A SALT AND BATTERY: The rush to be free of foreign oil's grimy grip is driving us ever more assuredly toward electric cars, but batteries don't grow on trees any more than crude does. As the rise of lithium-ion batteries fuels demand for lithium, the New York Times reports, Bolivia could become the new Saudi Arabia — or maybe the new Venezuela. Bolivia's salt deserts hold nearly half the world's lithium deposits, and a growing nationalism in the country, championed by President Evo Morales, has Bolivians tightening their grip on the mineral. Chile, Argentina and Tibet also have substantial lithium fields, but the real prize is clearly in Bolivia, which is why automakers from France to Japan are lining up there. The United States, however, is conspicuously absent from the lithium rush. (Source: NY Times)
SECOND WIND: The United States toppled Germany last year as the world's biggest wind-power producer, with a 50 percent growth in capacity, up to 25 gigawatts. That's before we've even seen what effect the "Obama bounce" might have on the American wind industry. (Source: Reuters)
SPEED TRACER: Simply being shown how much gas they waste can motivate drivers to cut back on speeding, tailgating and hard braking, officials in Denver have found. The city outfitted 400 cars — half city employees, half volunteer motorists — with accelerometers to track how much gas they wasted. Quantifying their excesses helped the drivers improve gas mileage by 10 percent — not up to Mayor John Hickenlooper's goal of 15 percent, but still enough to spur other cities and private companies to try the program. (Source: The Los Angeles Times)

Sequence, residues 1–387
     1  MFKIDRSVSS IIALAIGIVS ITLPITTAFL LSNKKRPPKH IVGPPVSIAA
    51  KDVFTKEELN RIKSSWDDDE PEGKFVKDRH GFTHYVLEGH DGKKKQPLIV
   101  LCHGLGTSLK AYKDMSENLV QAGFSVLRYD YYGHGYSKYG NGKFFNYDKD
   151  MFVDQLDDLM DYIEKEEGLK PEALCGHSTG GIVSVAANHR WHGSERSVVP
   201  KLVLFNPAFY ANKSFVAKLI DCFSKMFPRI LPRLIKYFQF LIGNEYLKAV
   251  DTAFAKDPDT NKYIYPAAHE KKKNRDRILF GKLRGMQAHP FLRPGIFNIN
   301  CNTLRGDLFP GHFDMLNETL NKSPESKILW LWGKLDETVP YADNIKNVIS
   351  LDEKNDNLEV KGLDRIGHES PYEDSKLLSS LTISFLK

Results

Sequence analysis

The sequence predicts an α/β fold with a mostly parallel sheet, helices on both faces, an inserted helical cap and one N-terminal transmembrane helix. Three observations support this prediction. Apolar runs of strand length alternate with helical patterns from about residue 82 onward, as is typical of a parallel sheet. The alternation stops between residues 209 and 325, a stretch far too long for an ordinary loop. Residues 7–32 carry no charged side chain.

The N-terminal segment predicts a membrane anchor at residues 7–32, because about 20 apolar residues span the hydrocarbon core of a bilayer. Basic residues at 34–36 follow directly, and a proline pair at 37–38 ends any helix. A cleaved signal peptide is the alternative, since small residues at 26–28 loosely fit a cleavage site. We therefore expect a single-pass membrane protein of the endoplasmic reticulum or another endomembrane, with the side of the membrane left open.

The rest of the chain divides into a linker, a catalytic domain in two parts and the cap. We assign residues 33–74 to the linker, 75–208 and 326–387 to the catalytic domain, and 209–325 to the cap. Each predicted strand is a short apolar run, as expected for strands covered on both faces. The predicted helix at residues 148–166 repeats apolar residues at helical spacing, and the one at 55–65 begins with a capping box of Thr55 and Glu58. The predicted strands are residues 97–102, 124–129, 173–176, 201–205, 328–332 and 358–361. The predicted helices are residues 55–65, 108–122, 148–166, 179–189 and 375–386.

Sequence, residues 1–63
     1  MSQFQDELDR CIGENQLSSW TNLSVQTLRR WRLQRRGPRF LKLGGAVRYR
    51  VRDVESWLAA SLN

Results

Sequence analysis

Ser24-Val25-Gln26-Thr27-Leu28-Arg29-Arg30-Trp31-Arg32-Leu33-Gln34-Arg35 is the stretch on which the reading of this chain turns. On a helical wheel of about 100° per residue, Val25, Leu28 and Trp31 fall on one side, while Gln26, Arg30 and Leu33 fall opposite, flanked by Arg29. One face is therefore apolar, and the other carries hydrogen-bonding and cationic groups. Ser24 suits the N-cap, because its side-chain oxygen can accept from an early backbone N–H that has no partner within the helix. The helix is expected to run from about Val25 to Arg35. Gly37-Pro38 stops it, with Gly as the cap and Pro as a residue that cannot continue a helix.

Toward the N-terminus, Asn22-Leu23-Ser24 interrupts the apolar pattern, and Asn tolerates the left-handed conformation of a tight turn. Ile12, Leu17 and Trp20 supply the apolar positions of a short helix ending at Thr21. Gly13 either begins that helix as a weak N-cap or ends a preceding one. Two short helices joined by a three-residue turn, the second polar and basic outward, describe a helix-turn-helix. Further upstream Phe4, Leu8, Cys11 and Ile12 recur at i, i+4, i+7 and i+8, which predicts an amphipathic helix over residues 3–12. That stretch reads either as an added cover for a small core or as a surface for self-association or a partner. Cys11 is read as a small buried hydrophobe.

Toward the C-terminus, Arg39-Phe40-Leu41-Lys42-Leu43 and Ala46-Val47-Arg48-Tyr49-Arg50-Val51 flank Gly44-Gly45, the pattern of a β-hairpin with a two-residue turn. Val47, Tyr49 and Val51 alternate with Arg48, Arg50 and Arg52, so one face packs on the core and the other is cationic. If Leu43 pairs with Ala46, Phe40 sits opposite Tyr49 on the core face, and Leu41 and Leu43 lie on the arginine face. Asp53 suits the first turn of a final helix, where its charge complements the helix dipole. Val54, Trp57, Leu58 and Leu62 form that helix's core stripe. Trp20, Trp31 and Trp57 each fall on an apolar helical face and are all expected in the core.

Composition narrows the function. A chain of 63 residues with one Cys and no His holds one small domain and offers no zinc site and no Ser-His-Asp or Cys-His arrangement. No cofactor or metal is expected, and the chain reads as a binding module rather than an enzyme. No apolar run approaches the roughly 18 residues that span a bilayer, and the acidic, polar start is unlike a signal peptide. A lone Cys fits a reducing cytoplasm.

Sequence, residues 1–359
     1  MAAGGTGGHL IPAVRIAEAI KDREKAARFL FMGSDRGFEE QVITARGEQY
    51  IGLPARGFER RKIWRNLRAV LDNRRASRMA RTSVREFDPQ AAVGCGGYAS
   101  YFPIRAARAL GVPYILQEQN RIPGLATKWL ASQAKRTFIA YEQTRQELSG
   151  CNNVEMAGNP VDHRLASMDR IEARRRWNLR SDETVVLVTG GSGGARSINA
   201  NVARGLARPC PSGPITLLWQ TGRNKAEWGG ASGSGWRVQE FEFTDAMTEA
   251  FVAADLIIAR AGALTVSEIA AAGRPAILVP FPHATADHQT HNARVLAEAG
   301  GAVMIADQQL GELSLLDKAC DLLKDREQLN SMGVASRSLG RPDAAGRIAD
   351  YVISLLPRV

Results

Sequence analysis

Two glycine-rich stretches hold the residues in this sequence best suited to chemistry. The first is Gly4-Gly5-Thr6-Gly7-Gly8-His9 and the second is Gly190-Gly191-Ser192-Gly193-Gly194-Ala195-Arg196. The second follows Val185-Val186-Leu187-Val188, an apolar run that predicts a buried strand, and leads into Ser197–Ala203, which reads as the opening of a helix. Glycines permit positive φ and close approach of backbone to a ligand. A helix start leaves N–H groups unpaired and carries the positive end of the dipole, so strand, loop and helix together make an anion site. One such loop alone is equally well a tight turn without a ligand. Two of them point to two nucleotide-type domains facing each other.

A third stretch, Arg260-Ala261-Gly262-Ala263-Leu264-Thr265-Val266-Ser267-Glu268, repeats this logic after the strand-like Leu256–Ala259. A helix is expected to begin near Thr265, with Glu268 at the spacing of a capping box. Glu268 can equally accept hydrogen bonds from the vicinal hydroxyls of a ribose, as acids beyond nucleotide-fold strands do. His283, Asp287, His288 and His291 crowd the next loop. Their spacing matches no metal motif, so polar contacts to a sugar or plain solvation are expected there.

GROWING GRASSROOTS: News yesterday that East Tennessee's coal-ash spill may have contaminated local surface water came not from the EPA, TVA or even a state government entity. The triple team of environmental watchdog groups who conducted the tests and announced the results demonstrates the power of online grassroots organizing, and how quickly it can manifest into action. (Sources: The Knoxville News Sentinel, The Chattanooga Times Free Press)
TRACKING CHANGES: Today's Science Times features a report from a Panamanian forest reserve that's installed a new Automated Radio Telemetry System, which uses seven 130-foot-high radio towers to synthesize unprecedented information from tagged animals. Combined with new transmitting devices as light as two-tenths of a gram — small enough to tag and track butterflies and plant seeds — the technology could transform the nature of biological field research. One researcher on the island plans to use the radio telemetry to understand the political relationships among groups of capuchin monkeys, who live in adjacent societies for decades but about which we know very little. (Source: NY Times)
The opinions expressed by MNN Bloggers and those providing comments are theirs alone, and do not reflect the opinions of MNN.com. While we have reviewed their content to make sure it complies with our Terms and Conditions, MNN is not responsible for the accuracy of any of their information.